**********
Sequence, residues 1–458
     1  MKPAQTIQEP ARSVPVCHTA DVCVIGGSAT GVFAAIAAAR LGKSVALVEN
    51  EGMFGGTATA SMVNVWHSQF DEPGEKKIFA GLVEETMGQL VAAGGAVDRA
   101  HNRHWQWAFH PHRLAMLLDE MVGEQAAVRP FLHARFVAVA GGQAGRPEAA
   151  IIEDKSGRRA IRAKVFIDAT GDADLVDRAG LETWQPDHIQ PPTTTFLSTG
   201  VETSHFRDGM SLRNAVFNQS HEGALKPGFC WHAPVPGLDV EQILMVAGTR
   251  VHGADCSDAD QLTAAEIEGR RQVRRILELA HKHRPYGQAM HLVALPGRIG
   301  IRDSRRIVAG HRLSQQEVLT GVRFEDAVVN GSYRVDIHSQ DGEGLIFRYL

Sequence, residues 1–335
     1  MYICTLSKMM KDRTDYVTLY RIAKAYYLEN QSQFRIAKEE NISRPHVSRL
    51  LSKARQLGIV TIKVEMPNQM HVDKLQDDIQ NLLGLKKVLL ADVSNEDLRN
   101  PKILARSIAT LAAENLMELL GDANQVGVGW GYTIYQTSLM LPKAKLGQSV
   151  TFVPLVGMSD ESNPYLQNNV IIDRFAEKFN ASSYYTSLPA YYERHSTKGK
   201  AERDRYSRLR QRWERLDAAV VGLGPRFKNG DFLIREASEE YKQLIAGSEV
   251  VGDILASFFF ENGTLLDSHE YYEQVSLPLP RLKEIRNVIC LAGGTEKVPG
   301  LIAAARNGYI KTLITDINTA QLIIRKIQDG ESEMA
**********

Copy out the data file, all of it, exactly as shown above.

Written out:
Sequence, residues 1–458
     1  MKPAQTIQEP ARSVPVCHTA DVCVIGGSAT GVFAAIAAAR LGKSVALVEN
    51  EGMFGGTATA SMVNVWHSQF DEPGEKKIFA GLVEETMGQL VAAGGAVDRA
   101  HNRHWQWAFH PHRLAMLLDE MVGEQAAVRP FLHARFVAVA GGQAGRPEAA
   151  IIEDKSGRRA IRAKVFIDAT GDADLVDRAG LETWQPDHIQ PPTTTFLSTG
   201  VETSHFRDGM SLRNAVFNQS HEGALKPGFC WHAPVPGLDV EQILMVAGTR
   251  VHGADCSDAD QLTAAEIEGR RQVRRILELA HKHRPYGQAM HLVALPGRIG
   301  IRDSRRIVAG HRLSQQEVLT GVRFEDAVVN GSYRVDIHSQ DGEGLIFRYL

Sequence, residues 1–335
     1  MYICTLSKMM KDRTDYVTLY RIAKAYYLEN QSQFRIAKEE NISRPHVSRL
    51  LSKARQLGIV TIKVEMPNQM HVDKLQDDIQ NLLGLKKVLL ADVSNEDLRN
   101  PKILARSIAT LAAENLMELL GDANQVGVGW GYTIYQTSLM LPKAKLGQSV
   151  TFVPLVGMSD ESNPYLQNNV IIDRFAEKFN ASSYYTSLPA YYERHSTKGK
   201  AERDRYSRLR QRWERLDAAV VGLGPRFKNG DFLIREASEE YKQLIAGSEV
   251  VGDILASFFF ENGTLLDSHE YYEQVSLPLP RLKEIRNVIC LAGGTEKVPG
   301  LIAAARNGYI KTLITDINTA QLIIRKIQDG ESEMA